Regional patterns in the geochemistry of oil-field water, southern San Joaquin Valley, California, USA
Chemical and isotopic data for water co-extracted with hydrocarbons in oil and gas fields are commonly used to examine the source of the formation water and possible impacts on groundwater in areas of oil and gas development. Understanding the geochemical variability of oil-field water could help to evaluate its origin and delineate possible contamination of shallow aquifers in cases where oil-field water is released to the environment. Here we report geochemical and multiple isotope (H, C, O, Sr, Ra) data from 22 oil wells, three sources of produced water that are disposed of in injection wells, and two surface disposal ponds in four oil fields in the southern San Joaquin Valley, California (Fruitvale, Lost Hills, North and South Belridge). Correlations between Cl and δ18O, as well as other ions, and gradual increases in salinity with depth, indicate dilution of one or more saline end-members by meteoric water. The saline end-members, represented by deep samples (610 m–2621 m) in three oil-bearing zones, are characterized by NaCl composition, near-seawater Cl concentrations (median 20,000 mg/L), enriched δ18OH2O (median 3.4‰), high ammonium(up to 460 mg-N/L), and relatively high radium activity (226Ra+228Ra = 12.3 Bq/L). The deepest sample has low Na/Cl (0.74), high Ca/Mg (5.0), and low 87Sr/86Sr (0.7063), whereas the shallower samples have higher Na/Cl (0.86–1.2), Ca/Mg near 1, and higher 87Sr/86Sr (∼0.7083). The data are consistent with an original seawater source being modified by various depth and lithology dependent diagenetic processes. Dilution by meteoric water occurs naturally on the east side of the valley, and in association with water-injectionactivities on the west side. Meteoric-water flushing, particularly on the east side, results in lower solute concentrations (minimum total dissolved solids 2730 mg/L) and total radium (minimum 0.27 Bq/L) in oil-field water, and promotes biodegradation of dissolved organic carbon and hydrocarbon gases like propane. Acetate concentrations and δ13C of dissolved inorganic carbon indicate biogenic methane production occurs in some shallow oil zones. Natural and human processes produce substantial variability in the geochemistry of oil-field water that should be considered when evaluating mixing between oil-field waters and groundwater. The variability could result in uncertainty as to detecting the potential source and impact of oil-field water on groundwater.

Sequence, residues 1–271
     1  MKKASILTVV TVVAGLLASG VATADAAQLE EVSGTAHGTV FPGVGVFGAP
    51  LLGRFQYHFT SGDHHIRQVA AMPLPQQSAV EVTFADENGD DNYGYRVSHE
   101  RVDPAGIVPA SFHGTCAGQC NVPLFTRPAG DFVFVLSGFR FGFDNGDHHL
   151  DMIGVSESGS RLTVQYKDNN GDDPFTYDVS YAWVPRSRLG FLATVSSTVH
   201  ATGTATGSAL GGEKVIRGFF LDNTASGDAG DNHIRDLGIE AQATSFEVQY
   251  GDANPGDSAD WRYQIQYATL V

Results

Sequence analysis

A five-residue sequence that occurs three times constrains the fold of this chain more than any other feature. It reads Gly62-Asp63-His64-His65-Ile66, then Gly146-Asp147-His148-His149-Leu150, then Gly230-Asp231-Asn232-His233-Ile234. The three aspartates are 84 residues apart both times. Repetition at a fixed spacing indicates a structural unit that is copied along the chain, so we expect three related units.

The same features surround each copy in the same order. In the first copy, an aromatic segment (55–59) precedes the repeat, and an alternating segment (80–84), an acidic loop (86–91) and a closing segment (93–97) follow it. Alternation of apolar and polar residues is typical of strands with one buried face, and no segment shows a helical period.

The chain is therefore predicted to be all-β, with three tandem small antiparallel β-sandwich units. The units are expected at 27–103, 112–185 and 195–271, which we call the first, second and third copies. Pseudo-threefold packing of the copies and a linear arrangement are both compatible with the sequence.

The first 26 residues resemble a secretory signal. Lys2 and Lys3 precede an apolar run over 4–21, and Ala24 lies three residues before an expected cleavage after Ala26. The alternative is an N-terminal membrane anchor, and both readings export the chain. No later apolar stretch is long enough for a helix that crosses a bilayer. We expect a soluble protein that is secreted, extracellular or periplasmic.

|Publication Subtype||Journal Article|
|Title||Regional patterns in the geochemistry of oil-field water, southern San Joaquin Valley, California, USA|
|Series title||Applied Geochemistry|
|Contributing office(s)||California Water Science Center|
|Other Geospatial||San Joaquin Valley|
|Google Analytic Metrics||Metrics page|